Intravenous cannulation pain

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This economic study compares a variety of local anaesthesia methods for cannulation in the emergency department.

Pershad, J., Steinberg, S.C. and Waters, T.M. (2008) Cost-effectiveness analysis of anesthetic agents during peripheral intravenous cannulation in the pediatric emergency department. Archives of Pediatric and Adolescent Medicine. 162(10), p.952-961.

Abstract:
Objective To conduct a cost-effectiveness analysis of anesthetic agents to reduce the pain of peripheral intravenous cannulation in an emergency department (ED) setting.

Design Cost-effectiveness analysis in which costs were measured as the cost of the agent plus costs associated with time in the ED using data from our hospital cost accounting system. Outcomes were measured as improvements in the self-reported visual analog scale (VAS) pain scores. Variables considered unique to the various agents were cost of the agent, time to peak onset, success rates of cannulation, and mean reduction in VAS scores.

Setting Decision model.

Patients A cohort of patients aged 3 through 18 years enrolled in randomized controlled trials that compared analgesic modalities to facilitate peripheral intravenous cannulation was identified through medical databases searched from their inception (earliest year, 1966) through June 2007.

Main Outcome Measures The main outcome measure was the incremental cost-effectiveness ratio, which represented the additional cost that must be incurred by the hospital to obtain a reduction of 1 additional unit (10 mm or 1 cm) in the VAS score compared with a baseline option of no anesthetic.

Results Our results suggest that the needle-free jet injection of lidocaine device had the lowest incremental cost-effectiveness ratio, followed by intradermal injection of buffered lidocaine; lidocaine iontophoresis; nitrous oxide inhalation analgesia; a heated lidocaine and tetracaine patch; sonophoresis with lidocaine cream, 4%; lidocaine cream alone, 4%; and use of a eutectic mixture of lidocaine and prilocaine cream.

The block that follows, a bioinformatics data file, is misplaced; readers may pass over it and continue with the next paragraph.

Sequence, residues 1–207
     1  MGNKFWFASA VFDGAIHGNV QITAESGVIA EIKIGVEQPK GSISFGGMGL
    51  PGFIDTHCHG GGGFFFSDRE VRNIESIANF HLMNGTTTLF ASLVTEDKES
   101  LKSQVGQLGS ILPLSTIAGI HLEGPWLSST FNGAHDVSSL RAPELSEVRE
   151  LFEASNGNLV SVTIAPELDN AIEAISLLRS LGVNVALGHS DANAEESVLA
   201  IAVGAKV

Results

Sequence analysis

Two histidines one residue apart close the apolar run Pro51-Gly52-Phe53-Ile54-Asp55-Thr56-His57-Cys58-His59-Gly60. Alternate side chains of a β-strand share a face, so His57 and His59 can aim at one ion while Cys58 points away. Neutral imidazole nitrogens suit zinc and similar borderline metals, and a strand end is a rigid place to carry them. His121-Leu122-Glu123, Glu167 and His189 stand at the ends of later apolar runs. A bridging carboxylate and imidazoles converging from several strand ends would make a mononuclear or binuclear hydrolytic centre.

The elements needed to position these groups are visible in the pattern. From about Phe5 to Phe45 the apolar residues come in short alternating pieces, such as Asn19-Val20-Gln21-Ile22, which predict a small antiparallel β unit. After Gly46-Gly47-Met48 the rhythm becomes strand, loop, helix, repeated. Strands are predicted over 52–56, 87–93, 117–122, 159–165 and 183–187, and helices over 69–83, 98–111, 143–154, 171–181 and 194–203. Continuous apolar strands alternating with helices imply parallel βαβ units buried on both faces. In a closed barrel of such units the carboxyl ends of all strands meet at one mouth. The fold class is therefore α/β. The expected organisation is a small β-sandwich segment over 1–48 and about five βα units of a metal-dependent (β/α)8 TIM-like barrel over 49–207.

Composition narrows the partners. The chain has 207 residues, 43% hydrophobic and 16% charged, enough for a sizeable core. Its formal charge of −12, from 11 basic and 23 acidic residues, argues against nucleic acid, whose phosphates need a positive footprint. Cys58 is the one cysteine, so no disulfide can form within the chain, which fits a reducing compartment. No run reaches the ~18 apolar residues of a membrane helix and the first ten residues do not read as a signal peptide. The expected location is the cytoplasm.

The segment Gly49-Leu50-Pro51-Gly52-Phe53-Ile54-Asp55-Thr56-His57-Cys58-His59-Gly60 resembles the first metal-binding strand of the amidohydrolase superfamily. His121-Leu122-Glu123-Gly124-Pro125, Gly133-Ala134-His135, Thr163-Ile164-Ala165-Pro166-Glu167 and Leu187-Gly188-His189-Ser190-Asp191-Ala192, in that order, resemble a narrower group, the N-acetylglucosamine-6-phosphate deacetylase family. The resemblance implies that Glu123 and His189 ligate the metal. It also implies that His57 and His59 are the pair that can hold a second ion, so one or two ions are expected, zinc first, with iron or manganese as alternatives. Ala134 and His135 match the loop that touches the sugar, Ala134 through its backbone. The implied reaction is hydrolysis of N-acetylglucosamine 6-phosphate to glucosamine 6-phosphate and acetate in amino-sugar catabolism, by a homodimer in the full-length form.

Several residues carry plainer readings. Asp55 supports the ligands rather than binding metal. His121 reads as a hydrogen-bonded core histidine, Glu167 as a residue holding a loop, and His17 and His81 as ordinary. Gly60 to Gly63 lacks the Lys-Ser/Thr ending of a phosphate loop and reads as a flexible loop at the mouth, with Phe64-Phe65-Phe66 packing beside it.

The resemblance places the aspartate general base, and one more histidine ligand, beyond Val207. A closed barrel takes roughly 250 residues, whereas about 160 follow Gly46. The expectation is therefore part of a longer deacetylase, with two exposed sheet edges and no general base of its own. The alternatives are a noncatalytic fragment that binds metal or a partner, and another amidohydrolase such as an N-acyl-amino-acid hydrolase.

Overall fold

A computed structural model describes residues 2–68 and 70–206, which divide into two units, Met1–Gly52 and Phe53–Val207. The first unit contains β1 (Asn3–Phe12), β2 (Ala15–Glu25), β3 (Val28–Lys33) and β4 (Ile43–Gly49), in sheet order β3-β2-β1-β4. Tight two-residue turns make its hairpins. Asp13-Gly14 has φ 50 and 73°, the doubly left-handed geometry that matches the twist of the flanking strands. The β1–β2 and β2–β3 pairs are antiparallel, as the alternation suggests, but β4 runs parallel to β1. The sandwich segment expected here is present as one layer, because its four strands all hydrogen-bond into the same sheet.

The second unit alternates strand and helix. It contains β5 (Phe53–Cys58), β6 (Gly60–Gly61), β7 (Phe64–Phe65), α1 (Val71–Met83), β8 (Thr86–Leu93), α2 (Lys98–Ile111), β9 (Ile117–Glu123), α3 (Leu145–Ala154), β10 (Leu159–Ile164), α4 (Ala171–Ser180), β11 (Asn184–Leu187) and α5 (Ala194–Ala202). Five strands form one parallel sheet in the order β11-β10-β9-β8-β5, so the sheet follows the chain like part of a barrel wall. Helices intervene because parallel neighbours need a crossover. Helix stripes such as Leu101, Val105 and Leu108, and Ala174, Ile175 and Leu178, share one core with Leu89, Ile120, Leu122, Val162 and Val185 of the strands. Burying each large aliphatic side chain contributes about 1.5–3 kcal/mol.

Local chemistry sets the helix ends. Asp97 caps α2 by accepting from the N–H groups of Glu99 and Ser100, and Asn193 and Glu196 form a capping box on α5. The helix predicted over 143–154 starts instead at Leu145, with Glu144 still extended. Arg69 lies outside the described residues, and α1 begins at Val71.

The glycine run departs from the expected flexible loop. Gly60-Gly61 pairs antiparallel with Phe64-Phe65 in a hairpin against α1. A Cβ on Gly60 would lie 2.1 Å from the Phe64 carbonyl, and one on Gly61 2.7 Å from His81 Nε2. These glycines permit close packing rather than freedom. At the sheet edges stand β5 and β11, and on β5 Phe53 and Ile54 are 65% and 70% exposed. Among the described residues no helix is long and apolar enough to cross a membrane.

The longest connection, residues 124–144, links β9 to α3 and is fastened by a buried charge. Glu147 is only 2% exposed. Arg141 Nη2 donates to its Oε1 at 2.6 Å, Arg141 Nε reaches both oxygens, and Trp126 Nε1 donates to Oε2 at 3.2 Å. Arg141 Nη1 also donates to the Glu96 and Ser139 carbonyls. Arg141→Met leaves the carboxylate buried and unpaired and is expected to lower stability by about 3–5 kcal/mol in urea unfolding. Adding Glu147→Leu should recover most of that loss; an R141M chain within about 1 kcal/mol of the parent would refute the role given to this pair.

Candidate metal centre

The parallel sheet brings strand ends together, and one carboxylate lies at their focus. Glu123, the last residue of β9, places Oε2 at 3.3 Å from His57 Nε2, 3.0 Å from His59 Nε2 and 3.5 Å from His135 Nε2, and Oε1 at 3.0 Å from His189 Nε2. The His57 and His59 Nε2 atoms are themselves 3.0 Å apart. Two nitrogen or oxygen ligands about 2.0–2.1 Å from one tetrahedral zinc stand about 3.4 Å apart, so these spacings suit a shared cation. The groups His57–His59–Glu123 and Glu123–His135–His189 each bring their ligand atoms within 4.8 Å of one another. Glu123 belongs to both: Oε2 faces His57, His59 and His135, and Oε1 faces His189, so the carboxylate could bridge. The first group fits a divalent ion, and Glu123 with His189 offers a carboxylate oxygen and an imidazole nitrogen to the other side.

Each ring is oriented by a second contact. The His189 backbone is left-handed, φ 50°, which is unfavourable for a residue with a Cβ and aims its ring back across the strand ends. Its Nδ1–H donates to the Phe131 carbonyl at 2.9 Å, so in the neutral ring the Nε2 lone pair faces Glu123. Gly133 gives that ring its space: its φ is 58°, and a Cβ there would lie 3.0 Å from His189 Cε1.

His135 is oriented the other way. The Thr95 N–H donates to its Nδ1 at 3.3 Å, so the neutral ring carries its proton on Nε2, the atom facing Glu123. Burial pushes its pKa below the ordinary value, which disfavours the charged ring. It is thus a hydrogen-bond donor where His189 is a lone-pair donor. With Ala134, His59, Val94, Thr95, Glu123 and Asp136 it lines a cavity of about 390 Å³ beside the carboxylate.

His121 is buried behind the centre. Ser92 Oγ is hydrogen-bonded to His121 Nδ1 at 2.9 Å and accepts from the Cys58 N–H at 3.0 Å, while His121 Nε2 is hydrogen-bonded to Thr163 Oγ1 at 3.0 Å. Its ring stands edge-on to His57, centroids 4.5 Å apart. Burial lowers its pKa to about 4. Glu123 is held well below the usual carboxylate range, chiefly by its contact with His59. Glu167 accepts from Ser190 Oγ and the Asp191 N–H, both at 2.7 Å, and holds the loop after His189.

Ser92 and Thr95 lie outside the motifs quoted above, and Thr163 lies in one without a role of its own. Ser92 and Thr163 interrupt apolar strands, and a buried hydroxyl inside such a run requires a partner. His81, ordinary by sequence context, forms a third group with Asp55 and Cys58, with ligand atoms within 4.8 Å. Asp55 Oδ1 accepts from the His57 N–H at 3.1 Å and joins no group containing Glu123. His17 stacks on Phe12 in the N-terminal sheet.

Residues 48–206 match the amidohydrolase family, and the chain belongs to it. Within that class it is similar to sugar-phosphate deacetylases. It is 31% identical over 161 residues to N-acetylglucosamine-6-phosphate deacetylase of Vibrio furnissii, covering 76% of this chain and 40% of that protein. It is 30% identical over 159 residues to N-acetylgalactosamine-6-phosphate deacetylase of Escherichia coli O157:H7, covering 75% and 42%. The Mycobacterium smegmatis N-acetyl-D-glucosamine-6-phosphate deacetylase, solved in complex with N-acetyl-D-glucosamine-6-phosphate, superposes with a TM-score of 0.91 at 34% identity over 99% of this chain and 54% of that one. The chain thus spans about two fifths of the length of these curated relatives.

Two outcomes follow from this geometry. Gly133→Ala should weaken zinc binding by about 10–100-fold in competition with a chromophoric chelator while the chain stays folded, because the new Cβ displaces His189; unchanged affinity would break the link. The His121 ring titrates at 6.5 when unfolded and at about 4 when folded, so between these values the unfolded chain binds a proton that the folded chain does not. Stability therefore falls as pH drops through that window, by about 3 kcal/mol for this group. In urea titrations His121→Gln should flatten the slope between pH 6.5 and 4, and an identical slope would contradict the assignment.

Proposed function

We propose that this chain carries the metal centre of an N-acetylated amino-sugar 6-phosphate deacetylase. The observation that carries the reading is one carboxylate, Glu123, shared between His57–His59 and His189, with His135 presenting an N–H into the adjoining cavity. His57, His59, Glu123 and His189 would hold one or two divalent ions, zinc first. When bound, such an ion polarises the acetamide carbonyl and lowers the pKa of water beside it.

Conclusion Currently, the needle-free jet injection of lidocaine device and injection of buffered lidocaine appear to provide the most cost-effective alternatives to pediatric ED physicians.
Pershad, J., Steinberg, S.C. and Waters, T.M. (2008) Cost-effectiveness analysis of anesthetic agents during peripheral intravenous cannulation in the pediatric emergency department. Archives of Pediatric and Adolescent Medicine. 162(10), p.952-961.

Abstract:
Objective To conduct a cost-effectiveness analysis of anesthetic agents to reduce the pain of peripheral intravenous cannulation in an emergency department (ED) setting.

Design Cost-effectiveness analysis in which costs were measured as the cost of the agent plus costs associated with time in the ED using data from our hospital cost accounting system. Outcomes were measured as improvements in the self-reported visual analog scale (VAS) pain scores. Variables considered unique to the various agents were cost of the agent, time to peak onset, success rates of cannulation, and mean reduction in VAS scores.

Setting Decision model.

Patients A cohort of patients aged 3 through 18 years enrolled in randomized controlled trials that compared analgesic modalities to facilitate peripheral intravenous cannulation was identified through medical databases searched from their inception (earliest year, 1966) through June 2007.

Main Outcome Measures The main outcome measure was the incremental cost-effectiveness ratio, which represented the additional cost that must be incurred by the hospital to obtain a reduction of 1 additional unit (10 mm or 1 cm) in the VAS score compared with a baseline option of no anesthetic.

Results Our results suggest that the needle-free jet injection of lidocaine device had the lowest incremental cost-effectiveness ratio, followed by intradermal injection of buffered lidocaine; lidocaine iontophoresis; nitrous oxide inhalation analgesia; a heated lidocaine and tetracaine patch; sonophoresis with lidocaine cream, 4%; lidocaine cream alone, 4%; and use of a eutectic mixture of lidocaine and prilocaine cream.

Conclusion Currently, the needle-free jet injection of lidocaine device and injection of buffered lidocaine appear to provide the most cost-effective alternatives to pediatric ED physicians.

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